Since John Mackey opened the first Whole Foods Market in 1980, Whole Foods has grown into one of the largest supermarkets chain in the nation. In the 80s, Whole Foods expanded mostly through acquisition. By late 90s and early 2000s, Whole Foods expanded more through opening their own new stores. By 2006, it became the nation’s largest natural foods retail chain and was listed on the Fortune 500 list. This paper is going to discuss Whole Foods’ strategy, the resources of Whole Foods that leads to its success, their social missions, as well as the challenges the Whole Foods is facing.

Whole Foods’ Strategy: Transform the organic food stores shopping experience Whole Foods made a breakthrough in the natural food markets because it has transformed the image of organic food store from unreliable and inferior grocery shopping to the opposite. Whole Foods did that through two strategies: educating customers and creating an engaging and interesting shopping experience at their stores. It displays their food in attractive and exciting layouts, renovates their stores with modern and clean designs.

It gives out pamphlets and put up signs in stores that explained concepts like sustainable, free range, and certified organic. The education makes customers feel comfortable with their buying. By educating the public on natural food concepts and providing transformative shopping experience, Whole Foods attracts mainstream customers and has popularized nature food. There are three key resources that give Whole Food a sustainable competitive advantage over its direct competitors: (1) size and scale; (2) employees with experiences in conventional grocery stores; (3) Distribution efficiency and decentralized management.

These resources create an unique and integrated system that reinforce fit among the company’s business operation and technology skills, allowing it to derive the most out of the value it created. (1) Size and Scale Whole Foods managed to spread their stores across the nation by going through numerous successful acquisitions of its competitors in the natural food retailing industry. Some examples include the acquisition of Bluebonnet Natural Foods Grocery in Dallas and Whole Food Company based in New Orleans in the 80s, as well as the acquisition of Wellsprings Grocery in North Carolina and The Bread & Circus in New England in the 90s.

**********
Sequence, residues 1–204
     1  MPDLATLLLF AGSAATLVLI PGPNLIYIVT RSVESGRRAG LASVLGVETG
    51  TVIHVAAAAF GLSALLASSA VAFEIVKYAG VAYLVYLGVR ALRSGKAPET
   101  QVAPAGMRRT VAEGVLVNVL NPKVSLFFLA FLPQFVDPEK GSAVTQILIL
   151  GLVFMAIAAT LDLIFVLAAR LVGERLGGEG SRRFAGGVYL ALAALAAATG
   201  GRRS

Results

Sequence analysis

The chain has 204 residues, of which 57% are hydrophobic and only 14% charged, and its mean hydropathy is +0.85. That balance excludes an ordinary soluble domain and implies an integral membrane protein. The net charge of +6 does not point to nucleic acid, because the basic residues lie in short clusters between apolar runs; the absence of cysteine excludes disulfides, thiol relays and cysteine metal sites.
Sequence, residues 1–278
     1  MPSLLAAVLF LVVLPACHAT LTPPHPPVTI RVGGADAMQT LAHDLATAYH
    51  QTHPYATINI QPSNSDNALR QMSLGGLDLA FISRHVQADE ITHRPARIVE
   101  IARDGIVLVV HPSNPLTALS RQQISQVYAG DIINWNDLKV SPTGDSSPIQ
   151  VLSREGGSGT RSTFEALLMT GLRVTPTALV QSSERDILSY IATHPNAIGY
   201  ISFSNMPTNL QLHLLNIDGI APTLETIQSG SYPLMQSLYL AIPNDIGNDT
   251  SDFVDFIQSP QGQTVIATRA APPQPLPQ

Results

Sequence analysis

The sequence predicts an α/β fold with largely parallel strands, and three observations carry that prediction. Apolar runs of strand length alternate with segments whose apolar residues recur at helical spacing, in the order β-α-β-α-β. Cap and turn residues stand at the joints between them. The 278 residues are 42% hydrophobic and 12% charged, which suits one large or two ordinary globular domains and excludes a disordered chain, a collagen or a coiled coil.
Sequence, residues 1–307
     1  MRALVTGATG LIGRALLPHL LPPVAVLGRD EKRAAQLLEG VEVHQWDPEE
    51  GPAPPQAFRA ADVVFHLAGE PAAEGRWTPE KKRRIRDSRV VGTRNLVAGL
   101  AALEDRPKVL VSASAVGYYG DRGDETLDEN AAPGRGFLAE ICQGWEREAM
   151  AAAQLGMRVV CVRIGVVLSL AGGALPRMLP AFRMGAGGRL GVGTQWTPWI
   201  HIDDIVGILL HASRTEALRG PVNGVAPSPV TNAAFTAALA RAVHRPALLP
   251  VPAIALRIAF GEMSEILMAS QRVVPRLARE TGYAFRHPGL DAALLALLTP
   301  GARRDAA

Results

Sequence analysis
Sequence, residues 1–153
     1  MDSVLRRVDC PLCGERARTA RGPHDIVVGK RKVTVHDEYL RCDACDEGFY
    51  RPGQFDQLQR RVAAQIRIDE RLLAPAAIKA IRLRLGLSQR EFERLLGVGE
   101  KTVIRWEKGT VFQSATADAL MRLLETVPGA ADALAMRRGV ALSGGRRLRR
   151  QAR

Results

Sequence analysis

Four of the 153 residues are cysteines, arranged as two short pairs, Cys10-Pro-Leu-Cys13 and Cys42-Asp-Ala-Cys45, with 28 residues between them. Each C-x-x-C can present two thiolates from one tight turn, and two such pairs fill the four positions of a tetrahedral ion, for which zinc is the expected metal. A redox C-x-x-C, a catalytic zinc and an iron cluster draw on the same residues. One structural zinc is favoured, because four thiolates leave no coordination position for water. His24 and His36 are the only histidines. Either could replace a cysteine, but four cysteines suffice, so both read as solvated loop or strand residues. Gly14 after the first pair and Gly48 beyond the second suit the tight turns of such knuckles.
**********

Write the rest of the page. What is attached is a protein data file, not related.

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In each acquisition, Whole Food incorporated the successful practices of its competitors into its other stores. For example, Whole Foods incorporated the produce, meat, and seafood departments from The Bread & Circus. Therefore, the acquisition not only allowed Whole Foods to cut down competition, but also expanded its clientele in other stores by installing the successful practices with the knowledge acquired from its competitors. Through acquisition and adopting new practices, Whole Foods becomes the first nationwide natural food retail chain that offers a wide variety of organic food. 2) Employees with experiences in conventional grocery stores Whole Foods has been repeatedly listed on Fortune list of the 100 best companies to work for. The company offers full time job and benefits to store employees, which is not a conventional practice in the competitive grocery market.

Whole Foods is also known for their open-book policy in performance evaluation and friendly team working environment. By offering these favorable compensation and work condition, Whole Foods draws experienced employees from conventional supermarkets and improves their operation with their expertise. 3) Distribution efficiency and decentralized management To meet its customers’ demand for non-local foods, Whole Food built its own distribution centers that are organically certified. Yet to be consistent with its decentralized management policy, Whole Foods allow stores to select at least 10% of their products without national approval, as long as the sources are qualified. By meeting the demand for non-local foods along with consistent management policy, Whole Foods continues to out-perform its competitors financially.